By Joseph O. Legaspi
Three women dragged the spiky, bulky mass
onto a bamboo table on the side of an island
road. A raised hunting knife glinted in sunlight,
then plunged with a breathless gasp, slicing into
the unseen. To a passerby they were a curious
wall, a swarm of onlookers, barrio children
and younger women, buzzing with a rising
gleeful cadence as a mother busied herself
with the butchering. Surprisingly, a citrusy,
sugary scent sweetened the stranger’s face
when offered the yellow flesh like thickened
petals, licorice to the touch, he stood awed
at the monstrous jackfruit, bloodless armadillo
halved, quartered, sectioned off for feasting.
His tongue tingled ripely. This country’s foreign
to me, he continued, but I’m not foreign to it.
Source: Poetry (July 2017)
Poet Joseph Legaspi was born and raised in the Philippines; his family immigrated to Los Angeles when he was 12. He earned a BA at Loyola Marymount University and an MFA from New York University. Legaspi’s collections of poetry include Threshold, Imago, which won a Global Filipino Literary Award, and the chapbook Subways. With Sarah Gambito, Legaspi cofounded Kundiman, a nonprofit organization that promotes and serves Asian American writers and writing. Legaspi lives and works in New York City.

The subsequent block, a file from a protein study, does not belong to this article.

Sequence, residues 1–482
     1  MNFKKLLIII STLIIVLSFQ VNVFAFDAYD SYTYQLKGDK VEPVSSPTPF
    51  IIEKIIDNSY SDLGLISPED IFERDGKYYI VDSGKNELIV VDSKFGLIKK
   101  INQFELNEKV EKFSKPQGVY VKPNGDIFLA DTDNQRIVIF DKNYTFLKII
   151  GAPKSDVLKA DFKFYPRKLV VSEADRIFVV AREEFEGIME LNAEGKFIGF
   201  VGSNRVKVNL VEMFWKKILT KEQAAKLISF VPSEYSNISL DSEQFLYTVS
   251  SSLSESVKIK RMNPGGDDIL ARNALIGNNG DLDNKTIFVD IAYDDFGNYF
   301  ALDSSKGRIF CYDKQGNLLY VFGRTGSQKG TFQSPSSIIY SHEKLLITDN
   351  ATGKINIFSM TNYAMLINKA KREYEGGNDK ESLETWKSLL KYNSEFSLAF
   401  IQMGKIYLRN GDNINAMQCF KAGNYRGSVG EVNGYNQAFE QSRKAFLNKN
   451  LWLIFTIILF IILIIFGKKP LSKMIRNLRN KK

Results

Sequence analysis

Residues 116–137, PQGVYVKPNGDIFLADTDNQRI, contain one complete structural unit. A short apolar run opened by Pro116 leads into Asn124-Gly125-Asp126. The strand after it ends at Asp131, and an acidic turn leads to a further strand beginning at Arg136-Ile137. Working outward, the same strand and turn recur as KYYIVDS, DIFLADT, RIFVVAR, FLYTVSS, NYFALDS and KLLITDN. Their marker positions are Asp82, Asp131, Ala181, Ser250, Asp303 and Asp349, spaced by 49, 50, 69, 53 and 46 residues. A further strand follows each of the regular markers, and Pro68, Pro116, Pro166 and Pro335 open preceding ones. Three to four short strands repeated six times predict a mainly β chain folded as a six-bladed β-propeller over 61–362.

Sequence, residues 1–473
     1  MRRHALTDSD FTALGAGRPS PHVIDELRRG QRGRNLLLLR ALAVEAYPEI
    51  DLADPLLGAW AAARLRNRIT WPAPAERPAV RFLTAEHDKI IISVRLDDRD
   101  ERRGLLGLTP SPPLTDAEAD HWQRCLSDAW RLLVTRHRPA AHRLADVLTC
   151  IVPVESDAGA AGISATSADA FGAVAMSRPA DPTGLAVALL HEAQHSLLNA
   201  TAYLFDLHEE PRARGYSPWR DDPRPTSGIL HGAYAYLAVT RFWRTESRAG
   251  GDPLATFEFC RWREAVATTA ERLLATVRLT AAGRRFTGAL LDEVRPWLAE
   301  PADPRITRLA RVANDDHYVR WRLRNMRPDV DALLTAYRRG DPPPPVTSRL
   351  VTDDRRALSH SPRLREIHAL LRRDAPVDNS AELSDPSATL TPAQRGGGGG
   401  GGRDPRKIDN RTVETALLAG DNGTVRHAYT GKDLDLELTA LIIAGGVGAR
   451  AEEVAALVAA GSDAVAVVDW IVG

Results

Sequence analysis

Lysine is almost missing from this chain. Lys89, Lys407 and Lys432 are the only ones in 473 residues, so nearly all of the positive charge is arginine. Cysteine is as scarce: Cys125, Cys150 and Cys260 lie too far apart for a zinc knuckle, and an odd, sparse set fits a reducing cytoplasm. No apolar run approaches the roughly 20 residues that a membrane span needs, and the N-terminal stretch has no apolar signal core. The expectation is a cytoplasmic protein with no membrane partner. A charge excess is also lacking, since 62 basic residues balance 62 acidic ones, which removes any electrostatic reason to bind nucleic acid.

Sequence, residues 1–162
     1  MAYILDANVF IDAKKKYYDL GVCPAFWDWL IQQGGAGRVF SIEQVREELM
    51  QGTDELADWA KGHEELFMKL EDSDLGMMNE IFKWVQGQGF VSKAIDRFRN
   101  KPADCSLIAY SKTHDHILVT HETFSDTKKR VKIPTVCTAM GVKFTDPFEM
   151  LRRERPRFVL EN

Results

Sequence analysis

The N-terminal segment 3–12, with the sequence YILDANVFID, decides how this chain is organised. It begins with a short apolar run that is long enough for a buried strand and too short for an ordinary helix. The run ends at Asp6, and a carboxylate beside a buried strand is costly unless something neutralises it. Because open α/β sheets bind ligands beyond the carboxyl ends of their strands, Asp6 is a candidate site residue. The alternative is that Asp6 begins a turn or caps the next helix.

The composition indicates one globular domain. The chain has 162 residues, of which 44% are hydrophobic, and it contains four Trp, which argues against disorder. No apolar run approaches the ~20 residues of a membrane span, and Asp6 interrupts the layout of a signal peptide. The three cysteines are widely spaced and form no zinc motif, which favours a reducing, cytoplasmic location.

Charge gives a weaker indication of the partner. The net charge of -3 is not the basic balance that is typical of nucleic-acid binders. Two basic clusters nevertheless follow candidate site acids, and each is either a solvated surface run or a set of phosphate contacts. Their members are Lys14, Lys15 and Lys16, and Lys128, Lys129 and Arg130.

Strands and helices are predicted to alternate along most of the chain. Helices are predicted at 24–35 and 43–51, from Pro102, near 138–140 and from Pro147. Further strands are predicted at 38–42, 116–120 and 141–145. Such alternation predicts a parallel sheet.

More Poems about Activities
Vagrants and Loiterers
You got that clean waistcoat,
the bright white of a well-tailored
shirt, you got those loose-as-sacks
slacks and some spit-polished shoes,
and you know, whether you are looking
like money, or about to take a stroll,
to tilt that hat like you own
the world; yeah, smoke...
In the warmth of night I put feet to my plan: waited
for my brothers to sleep. They’d spent the day
sharpening their hooks, repairing the great net,
filling gourds with fresh water. They’d bundled
taro wrapped in leaves sitting below the cross seats.